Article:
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Fab Fridays 71: Parents with Skin in the Game
Why you should teach your kids
Many parents today see that traditional school doesn’t work. They’re looking for alternative approaches to education, ones suited to their kids’ unique characteristics.
These parents are asking good questions like:
“What's the best school: Montessori, Waldorf, Reggio Emilia, or something else?”
“How do I know if teachers will meet my kid’s unique needs and recognize their talents?”
“Should I hire a tutor or look for a supplemental program?”
It makes a big difference when kids have parents who care about finding the best teachers and programs. However, another factor matters even more for kids:
Parents with skin in the game.
Skin in the game is a simple but powerful idea, best described by Nassim Taleb. It means “having an exposure to the real world, and paying a price for its consequences, good or bad.”
In essence, it’s when we dig into the work instead of delegating to others. For parents, it means teaching your kids a little yourself rather than outsourcing all of their education.
Having skin in the game is valuable for many reasons:
First, it ensures kids experience stability throughout their education. Kids get new teachers every year. Each fall, they have to re-establish a new relationship. This volatility makes kids feel unknown and, oftentimes, hopelessly misunderstood. However, if their parents are deeply engaged in their education, it gives them a throughline, a consistent voice who understands them, hears them, and has been there through every twist and turn. Teachers come and go, but parents are forever.
Second, it gives parents more insight into the needs of their kids. No standardized test or expert opinion can compare to the knowledge that you will gain by teaching your kid yourself. It’s just impossible to get the same deep understanding without direct experience teaching. As a result, skin in the game will make it much easier for you to make the hard but necessary choices required for them to excel in their education.
Third, it gives you an avenue to dynamically fill gaps in their learning and development. Teachers are responsible for educating dozens—sometimes scores—of students. The best teachers will work hard to customize the curriculum for each kid, but at the end of the day, they can only do so much. However, if you’re directly involved in your kid’s education, you have opportunities to focus on the subjects they enjoy the most, come alongside them when they’re struggling with a concept, and create unique experiences to help them become their best selves.
At first, the idea of teaching makes a lot of parents nervous. Many are already overwhelmed with packed schedules. Others might worry they will hurt their kid’s education because they’re not trained teachers. These are legitimate concerns, but in reality, you don’t need a degree in education or lots of free time to reap the benefits of skin in the game.
You can choose from a spectrum of options.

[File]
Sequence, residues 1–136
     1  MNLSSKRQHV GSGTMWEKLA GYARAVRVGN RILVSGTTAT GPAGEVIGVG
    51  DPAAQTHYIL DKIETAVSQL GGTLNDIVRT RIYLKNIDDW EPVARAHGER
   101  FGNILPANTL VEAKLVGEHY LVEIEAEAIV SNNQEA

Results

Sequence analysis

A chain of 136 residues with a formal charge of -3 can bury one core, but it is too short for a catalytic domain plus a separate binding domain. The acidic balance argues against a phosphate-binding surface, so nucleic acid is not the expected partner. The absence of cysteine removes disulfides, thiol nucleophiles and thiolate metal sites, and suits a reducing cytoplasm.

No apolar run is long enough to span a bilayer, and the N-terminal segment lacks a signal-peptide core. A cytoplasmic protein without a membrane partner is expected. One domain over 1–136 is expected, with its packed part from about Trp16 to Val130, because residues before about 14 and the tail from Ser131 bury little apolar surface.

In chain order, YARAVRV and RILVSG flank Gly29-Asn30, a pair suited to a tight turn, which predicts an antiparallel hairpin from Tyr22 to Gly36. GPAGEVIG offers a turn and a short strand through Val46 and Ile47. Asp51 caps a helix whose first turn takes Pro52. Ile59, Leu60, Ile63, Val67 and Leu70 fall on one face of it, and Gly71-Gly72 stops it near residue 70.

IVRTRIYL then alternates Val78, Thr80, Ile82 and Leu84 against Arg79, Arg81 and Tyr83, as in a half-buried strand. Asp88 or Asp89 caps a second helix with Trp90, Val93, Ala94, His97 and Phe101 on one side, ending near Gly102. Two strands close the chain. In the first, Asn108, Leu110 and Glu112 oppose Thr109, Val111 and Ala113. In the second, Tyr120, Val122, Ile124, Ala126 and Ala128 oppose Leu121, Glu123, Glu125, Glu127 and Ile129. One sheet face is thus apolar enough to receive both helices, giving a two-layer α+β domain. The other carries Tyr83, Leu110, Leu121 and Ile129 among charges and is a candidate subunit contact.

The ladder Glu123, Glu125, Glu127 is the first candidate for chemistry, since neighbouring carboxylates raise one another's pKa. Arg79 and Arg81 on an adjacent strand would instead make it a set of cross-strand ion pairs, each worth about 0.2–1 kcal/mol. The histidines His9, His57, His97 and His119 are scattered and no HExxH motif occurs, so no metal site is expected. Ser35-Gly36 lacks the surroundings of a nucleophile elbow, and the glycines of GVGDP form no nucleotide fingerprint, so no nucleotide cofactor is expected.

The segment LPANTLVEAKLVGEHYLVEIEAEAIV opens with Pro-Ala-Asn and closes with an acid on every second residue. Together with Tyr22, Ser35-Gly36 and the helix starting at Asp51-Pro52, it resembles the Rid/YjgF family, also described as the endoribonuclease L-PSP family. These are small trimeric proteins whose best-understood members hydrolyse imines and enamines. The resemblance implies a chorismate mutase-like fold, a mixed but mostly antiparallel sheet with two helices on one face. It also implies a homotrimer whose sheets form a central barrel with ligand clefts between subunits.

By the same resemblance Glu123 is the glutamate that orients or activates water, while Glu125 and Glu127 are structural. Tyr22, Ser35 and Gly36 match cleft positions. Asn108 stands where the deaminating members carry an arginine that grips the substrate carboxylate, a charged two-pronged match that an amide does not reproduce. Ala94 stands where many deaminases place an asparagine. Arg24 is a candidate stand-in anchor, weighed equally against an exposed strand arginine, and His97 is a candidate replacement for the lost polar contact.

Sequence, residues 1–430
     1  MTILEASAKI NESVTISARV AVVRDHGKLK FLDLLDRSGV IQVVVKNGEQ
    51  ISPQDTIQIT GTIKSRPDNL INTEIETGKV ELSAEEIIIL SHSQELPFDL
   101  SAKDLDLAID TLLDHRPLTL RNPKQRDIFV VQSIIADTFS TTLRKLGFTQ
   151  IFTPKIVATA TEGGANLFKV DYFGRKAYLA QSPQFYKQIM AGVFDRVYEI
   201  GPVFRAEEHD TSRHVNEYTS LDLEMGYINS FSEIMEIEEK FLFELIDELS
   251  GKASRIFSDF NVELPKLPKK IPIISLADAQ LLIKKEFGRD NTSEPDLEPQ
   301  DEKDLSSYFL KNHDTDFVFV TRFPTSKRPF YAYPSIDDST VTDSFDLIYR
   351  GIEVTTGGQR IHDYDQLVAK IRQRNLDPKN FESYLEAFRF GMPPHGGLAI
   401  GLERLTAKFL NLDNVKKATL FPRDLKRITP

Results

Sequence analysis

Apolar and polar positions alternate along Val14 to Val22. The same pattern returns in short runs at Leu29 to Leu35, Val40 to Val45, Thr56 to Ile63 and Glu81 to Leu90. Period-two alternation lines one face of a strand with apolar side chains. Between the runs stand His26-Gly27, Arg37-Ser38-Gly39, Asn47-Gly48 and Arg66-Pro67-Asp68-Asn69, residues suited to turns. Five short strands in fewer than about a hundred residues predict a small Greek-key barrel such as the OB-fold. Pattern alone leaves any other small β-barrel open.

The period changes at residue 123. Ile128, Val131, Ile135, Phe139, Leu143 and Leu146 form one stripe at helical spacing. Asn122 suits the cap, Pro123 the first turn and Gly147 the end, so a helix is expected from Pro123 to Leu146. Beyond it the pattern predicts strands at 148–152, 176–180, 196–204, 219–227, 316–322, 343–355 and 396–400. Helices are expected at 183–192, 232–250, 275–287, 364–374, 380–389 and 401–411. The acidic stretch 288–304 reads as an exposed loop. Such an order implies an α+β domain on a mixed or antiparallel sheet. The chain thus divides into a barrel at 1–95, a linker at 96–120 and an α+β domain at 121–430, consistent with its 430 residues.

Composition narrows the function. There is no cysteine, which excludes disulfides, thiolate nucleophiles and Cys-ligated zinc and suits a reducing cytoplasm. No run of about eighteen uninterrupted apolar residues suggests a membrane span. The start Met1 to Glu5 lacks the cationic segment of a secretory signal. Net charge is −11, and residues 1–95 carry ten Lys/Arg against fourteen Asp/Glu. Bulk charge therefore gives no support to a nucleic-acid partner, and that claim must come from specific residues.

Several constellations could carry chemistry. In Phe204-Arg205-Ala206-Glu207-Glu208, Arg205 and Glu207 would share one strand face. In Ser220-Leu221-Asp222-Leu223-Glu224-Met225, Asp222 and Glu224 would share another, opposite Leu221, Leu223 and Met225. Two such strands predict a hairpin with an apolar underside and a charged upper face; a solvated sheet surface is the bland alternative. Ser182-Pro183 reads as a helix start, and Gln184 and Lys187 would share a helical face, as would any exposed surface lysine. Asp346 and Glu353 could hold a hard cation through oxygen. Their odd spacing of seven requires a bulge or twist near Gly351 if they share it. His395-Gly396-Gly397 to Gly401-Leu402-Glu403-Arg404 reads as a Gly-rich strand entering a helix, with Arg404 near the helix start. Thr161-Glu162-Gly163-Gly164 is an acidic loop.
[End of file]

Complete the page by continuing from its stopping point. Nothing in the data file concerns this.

On the one side is homeschooling, where parents do all the teaching themselves.
On the other side are traditional schools, where parents outsource the work to others.
But there’s lots of room in the middle, where parents find outside programs suited best for their kids, but also teach a little themselves. The goal is to move from the left side of the spectrum to the right as far as possible.
As you explore options in the middle, here are five things to consider:
Learn the different educational approaches available for your kid. The parents I talked about in the opening are on the right track. You must take responsibility for making researched, intentional decisions. Explore and experiment with different programs, schools, and methods. See what works best for your kid.
Pick one subject your kid will learn at home. Select a subject you loved as a kid. Maybe it’s history, literature, math, or programming. Only a couple of hours per week will make a huge difference. Even if you get some things wrong, you’re engaged. That’s what matters.
Dive into a passion project with your kid. Maybe your kid loves baking or building or coding websites. Pick one to do together! If your kid wants to dance, learn to dance too. The key is to grow together, set a positive example, and keep it fun.
Let kids change their minds. Let’s say you picked the best alternative school, the best subject, and the best passion project—but your kid hates it. Then move on! If you didn’t like something, you’d quit. Give your kid the same opportunity. What matters is that you’re involved with them throughout the process.
Don’t blame teachers, schools, or tutors. The overarching principle of skin in the game is that you’re taking responsibility for your kid’s education. You’re not settling for off-the-rack options. You’re not blaming others. You are doing some of the education yourself. It’s easy to want to off-load responsibility, but don’t fall into that trap. If things aren’t working, face the challenge head-on and find alternative solutions.
I wish I could say this is easy, but it’s not. However, I can say that the effort is absolutely worth it. As with the rest of life, the best things are the hardest. You don’t want to watch your kids leave the home and regret not doing more for them.
Lay it all on the line. Put your skin in the game.
Until next week,
Ana Lorena Fabrega